Monica Keen is an OT with 30 years of experience working in skilled nursing facilities, acute care, and school settings. She owns a private practice in Summerville, South Carolina, employing a team of OTs who work with children with disabilities in their homes. Monica also serves as an adjunct instructor at the Medical University of South Carolina (MUSC). Because MUSC is transitioning to the OTD as its entry-level OT degree, she needs to hold this degree as well.

“The OTD has also been a long-term personal goal, because I love what I do so much,” she says. “I want to be as educated as I can be. I have the ambition to be more proactive in my field of practice.”

Monica earned her bachelor’s degree in OT in 1989 at MUSC. Almost 20 years later, she earned her MOT online from Boston University. She began BU’s doctorate program but had to drop out due to a family emergency. In 2017, she began the PPOTD program at USAHS.

“USA has an incredible program,” Monica says. “The immersion weekend on the St. Augustine campus was truly a wonderful experience. It was a good snapshot of what interprofessional team practice is like. I made friends there that I have to this day.”

She took on a mentorship role with one younger student and became her cheerleader and encourager.

When asked if her experience brought a helpful perspective to her cohort, she says, “I think I brought some humor, and I hope I could bring a more holistic approach to the client, treatment, and outcomes. I bring the mental health piece to working with children and their parents and teachers.”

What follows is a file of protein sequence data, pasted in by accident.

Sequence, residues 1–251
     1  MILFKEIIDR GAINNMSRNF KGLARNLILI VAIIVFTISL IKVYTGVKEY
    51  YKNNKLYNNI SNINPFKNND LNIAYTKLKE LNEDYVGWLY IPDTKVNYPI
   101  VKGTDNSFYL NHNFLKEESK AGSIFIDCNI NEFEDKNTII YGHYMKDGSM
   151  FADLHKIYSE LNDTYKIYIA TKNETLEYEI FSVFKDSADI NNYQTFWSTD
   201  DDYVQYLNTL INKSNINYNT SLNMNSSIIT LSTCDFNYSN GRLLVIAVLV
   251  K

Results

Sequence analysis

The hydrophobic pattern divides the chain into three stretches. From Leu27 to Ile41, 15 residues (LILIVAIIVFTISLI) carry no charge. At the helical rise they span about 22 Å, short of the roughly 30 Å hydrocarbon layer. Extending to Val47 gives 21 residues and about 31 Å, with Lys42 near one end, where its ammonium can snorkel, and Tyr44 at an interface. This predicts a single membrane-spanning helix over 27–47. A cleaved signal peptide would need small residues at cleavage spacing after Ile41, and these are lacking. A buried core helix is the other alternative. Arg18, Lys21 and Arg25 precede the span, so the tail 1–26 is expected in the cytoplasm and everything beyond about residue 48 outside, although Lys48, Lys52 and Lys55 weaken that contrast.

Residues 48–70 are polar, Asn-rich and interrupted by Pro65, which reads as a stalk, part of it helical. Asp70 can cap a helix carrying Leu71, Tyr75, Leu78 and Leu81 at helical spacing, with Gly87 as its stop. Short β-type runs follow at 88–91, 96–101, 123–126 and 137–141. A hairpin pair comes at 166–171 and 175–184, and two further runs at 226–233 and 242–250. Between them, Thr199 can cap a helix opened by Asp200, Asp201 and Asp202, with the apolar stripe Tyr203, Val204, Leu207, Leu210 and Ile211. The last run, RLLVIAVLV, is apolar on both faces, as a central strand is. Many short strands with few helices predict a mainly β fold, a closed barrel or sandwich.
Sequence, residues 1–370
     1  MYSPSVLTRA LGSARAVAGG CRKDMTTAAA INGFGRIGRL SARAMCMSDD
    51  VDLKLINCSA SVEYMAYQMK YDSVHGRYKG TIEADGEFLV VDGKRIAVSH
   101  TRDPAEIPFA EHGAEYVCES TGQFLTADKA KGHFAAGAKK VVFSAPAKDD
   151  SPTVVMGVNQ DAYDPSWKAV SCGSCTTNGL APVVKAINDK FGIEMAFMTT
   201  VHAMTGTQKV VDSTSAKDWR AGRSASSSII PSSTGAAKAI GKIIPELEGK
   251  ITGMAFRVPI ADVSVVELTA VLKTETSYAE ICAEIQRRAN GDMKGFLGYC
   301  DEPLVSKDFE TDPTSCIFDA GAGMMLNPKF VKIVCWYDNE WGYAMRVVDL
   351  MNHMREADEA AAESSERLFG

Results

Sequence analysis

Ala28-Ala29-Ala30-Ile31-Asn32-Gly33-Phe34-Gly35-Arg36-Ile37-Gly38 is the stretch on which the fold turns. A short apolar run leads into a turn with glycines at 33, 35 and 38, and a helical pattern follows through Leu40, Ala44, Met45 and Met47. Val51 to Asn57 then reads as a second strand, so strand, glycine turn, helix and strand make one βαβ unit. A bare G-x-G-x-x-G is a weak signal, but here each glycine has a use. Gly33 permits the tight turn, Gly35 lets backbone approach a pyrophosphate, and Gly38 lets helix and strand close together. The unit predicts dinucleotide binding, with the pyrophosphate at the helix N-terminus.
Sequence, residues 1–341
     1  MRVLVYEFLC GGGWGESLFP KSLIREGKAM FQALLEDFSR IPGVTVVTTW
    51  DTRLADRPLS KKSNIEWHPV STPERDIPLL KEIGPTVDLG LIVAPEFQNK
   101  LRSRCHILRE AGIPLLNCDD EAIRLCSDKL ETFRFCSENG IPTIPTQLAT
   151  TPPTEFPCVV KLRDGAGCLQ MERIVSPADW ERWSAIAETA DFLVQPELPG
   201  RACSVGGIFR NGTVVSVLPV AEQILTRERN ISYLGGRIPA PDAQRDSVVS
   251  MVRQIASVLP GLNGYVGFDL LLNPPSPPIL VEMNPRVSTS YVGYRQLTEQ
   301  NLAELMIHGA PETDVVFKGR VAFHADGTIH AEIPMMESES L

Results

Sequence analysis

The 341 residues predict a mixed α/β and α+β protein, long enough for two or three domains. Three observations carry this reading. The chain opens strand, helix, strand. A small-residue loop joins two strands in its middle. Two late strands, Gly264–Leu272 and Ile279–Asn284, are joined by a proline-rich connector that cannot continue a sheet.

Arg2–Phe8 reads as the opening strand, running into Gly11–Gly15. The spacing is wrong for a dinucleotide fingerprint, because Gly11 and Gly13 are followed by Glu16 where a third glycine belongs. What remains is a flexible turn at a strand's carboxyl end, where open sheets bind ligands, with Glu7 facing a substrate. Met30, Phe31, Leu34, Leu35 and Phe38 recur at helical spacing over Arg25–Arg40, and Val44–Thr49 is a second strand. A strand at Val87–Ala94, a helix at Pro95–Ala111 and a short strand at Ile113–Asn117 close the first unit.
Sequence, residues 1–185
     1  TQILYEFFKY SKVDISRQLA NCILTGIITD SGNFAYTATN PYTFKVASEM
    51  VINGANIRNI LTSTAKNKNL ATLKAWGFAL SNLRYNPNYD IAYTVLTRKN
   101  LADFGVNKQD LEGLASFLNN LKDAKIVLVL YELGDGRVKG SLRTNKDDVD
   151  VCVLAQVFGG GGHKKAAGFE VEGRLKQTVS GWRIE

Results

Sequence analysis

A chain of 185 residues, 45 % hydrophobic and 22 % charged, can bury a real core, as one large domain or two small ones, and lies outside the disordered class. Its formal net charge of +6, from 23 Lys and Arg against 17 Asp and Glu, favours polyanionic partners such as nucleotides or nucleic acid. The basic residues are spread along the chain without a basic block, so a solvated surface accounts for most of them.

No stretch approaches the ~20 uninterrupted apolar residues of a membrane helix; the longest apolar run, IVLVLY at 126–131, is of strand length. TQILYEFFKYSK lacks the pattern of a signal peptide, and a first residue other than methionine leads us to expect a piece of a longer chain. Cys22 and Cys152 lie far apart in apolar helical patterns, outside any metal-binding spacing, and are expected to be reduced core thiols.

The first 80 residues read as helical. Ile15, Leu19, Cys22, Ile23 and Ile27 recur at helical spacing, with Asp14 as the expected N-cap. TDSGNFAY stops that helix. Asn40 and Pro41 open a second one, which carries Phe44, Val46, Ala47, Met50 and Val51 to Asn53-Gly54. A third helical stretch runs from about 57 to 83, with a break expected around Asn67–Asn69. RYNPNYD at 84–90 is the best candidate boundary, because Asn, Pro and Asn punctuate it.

“I may be a teacher, but I’m still learning,” Monica says. “I’m learning to apply knowledge in a different way.” At USAHS she has appreciated learning more about how to teach, develop a curriculum, interact with technology, and write scholarly papers in a more rigorous way. She has also explored more deeply “what evidence-based practice really is and why we need to use it.”

For her capstone project, Monica is focusing on mental health interventions in school-based practice. She says that while the roots of OT are in mental health support, the profession has lost that focus and needs more funding, research, and resources to get it back. “We have to look at, what does this individual need to feel okay? Like a kid with ADD who needs to walk around in class in order to listen. I can be her advocate. I can say to the teacher, ‘Can we just try it’? Or the kid in middle school who has autism and some of his behaviors horrify his parents—I can reassure his parents that he’s doing well.”

Monica is enthusiastic about her USAHS experience. “I’m leaving this program so much more equipped academically and professionally to take a leadership role in this field. I feel empowered. I feel more confident. The doors should be wide open—and I want to go through as many as I can.”


The University of St. Augustine for Health Sciences (USAHS) offers an online Post-Professional Doctor of Occupational Therapy (PPOTD) program* designed for working clinicians and OT educators, with optional on-campus immersions (currently postponed due to COVID-19). Specializations include Executive Leadership and Teaching and Learning. In this flexible and individualized program, you will advance your studies in clinical practice, research, leadership, advocacy, and education—and become a change agent in the field of occupational therapy.

*OT entry-level programs are subject to the accreditation regulations of ACOTE; however, post-professional programs are not under the jurisdiction of ACOTE.